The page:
Some of you may know that when we arrived here, over 4 years ago, we came to a massive church with a small and poor congregation. It is a listed building :`( – not, to my mind, particularly beautiful – but because it is listed then all sorts of people were interested in it. English Heritage, the Victorian Society, etc etc as well, of course, as the diocese, to which it belongs.

So we were saddled with its upkeep even before we got here. Over the years, our part-time fundraiser, Dave, has worked like a Trojan to raise the money for us to do necessary repairs: a tower that had been cracked by lightning, drains which were not working, a leaking roof, etc etc. He has filled in hundreds of forms, attended endless meetings, sent numerous emails and letters, and been willing to work much more than the one day a week he is paid for.

At every stage English Heritage was involved, and gave us funding which we had to match with money from our own fast-dwindling resources. When it came to heating the church, however, they refused point-blank to fork out any more money, and we were almost bankrupt. So we reached a brick wall.

After a lengthy process which included big meetings with English Heritage representatives, and with our facing financial ruin, we took the decision last year to move out of the church and into the hall.

The Seventh Day Adventists promptly said that they would be really interested in having the church and looking after it. They have a big congregation, and no building of their own. With more people, and more money, they will be in a much better position to make the building fit for purpose. We’ve worked closely with them from the start, and they too have been in regular touch with English Heritage.

Yesterday our fundraiser got a letter from English Heritage, from somebody there who had had no previous dealings with us. The letter said that, in view of the fact that we were selling the church, we had to repay all the money – £200,000.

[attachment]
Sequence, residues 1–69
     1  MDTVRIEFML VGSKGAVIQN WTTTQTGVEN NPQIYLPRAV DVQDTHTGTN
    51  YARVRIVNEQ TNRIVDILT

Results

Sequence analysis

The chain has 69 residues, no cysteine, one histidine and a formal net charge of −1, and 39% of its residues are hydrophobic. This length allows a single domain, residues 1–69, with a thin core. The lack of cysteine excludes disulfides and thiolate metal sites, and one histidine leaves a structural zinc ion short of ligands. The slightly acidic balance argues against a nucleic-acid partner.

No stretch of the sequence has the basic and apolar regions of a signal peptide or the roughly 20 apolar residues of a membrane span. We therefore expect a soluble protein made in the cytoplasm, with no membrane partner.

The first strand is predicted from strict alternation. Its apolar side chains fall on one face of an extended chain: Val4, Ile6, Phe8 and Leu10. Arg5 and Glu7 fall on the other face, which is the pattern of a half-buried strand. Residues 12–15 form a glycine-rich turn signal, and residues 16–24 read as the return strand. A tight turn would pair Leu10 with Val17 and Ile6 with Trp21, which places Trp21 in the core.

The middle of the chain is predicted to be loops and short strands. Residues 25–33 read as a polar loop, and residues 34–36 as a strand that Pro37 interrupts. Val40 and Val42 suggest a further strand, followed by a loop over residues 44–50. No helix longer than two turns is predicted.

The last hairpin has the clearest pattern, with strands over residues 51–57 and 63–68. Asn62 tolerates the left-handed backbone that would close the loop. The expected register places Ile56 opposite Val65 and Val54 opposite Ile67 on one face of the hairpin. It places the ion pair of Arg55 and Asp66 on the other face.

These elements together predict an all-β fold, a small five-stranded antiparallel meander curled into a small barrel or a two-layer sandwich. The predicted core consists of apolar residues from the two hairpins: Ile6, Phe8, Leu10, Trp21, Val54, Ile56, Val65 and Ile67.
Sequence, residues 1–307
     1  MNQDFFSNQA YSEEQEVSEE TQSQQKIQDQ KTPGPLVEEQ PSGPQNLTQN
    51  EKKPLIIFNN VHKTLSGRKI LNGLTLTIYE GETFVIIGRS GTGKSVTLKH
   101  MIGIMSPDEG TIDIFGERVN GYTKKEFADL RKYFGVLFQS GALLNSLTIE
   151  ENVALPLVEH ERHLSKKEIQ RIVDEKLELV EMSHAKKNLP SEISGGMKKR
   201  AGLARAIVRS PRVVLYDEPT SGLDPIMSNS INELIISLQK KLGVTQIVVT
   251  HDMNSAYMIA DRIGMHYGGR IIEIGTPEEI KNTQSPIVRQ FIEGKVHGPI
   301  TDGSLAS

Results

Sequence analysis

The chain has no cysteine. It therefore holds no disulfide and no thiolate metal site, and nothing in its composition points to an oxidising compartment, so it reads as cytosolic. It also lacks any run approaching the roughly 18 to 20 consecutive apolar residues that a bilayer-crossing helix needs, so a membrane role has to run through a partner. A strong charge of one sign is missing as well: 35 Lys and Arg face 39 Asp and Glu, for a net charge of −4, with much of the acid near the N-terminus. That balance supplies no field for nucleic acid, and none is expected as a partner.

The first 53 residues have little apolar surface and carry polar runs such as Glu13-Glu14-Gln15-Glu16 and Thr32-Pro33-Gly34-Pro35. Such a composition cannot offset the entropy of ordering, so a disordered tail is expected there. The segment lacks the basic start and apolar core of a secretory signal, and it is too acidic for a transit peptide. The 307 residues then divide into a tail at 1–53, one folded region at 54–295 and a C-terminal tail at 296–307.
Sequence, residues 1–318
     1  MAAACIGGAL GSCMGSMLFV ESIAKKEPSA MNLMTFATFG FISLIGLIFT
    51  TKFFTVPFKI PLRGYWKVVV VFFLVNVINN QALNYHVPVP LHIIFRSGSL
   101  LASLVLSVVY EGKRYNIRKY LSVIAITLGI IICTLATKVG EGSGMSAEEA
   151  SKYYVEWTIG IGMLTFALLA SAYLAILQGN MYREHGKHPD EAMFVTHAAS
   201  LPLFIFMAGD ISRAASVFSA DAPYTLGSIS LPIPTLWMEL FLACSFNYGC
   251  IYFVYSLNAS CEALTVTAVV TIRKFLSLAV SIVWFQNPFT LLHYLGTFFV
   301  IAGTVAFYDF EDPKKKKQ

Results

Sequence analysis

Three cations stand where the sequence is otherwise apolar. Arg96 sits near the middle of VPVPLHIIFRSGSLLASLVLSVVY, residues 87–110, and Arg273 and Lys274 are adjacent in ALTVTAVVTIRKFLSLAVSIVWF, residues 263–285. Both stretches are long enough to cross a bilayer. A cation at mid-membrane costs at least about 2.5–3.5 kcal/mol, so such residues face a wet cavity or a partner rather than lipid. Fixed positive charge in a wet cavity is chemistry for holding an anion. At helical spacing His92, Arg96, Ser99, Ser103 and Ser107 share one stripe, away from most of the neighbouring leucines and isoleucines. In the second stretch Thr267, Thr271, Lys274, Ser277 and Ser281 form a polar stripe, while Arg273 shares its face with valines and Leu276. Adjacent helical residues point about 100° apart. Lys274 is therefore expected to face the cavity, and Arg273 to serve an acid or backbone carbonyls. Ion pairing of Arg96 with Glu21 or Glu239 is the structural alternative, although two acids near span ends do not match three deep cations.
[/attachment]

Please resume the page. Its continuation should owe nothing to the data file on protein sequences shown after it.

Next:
Poor old Dave, our fundraiser, was really upset. He wrote to them in the strongest terms, and then promptly offered us his resignation, bless him, in case we thought he’d gone over the top. (Of course we didn’t accept it! We’re all in this together).

So Hub went to the diocesan secretary, who said that he had taken legal advice, and EH is wrong.

He’s now taken over responsibility for the building and for sorting out EH … :crazy:


… and Hub and I have our Nth discussion about the uselessness of being saddled with a stupid building that swallows money and energy when what God wants us to do is to be a loving community that offers support to those around. We do that anyway, to the best of our ability – but how much more effective we could have been, with energy and money released from repairs and builders into creating community.

Double :**:

Maybe NOW we are finally releasing the building, we can concentrate properly on what we ‘should’ be doing!

… and although we belong to the National Trust, neither of us feels inclined to join English Heritage … just at the moment… 😉



    1. Well the silly thing is, they are there in order to keep the building going – we are not abandoning the building, we have made very sure that the next owners will continue to work on it. So what is their problem ???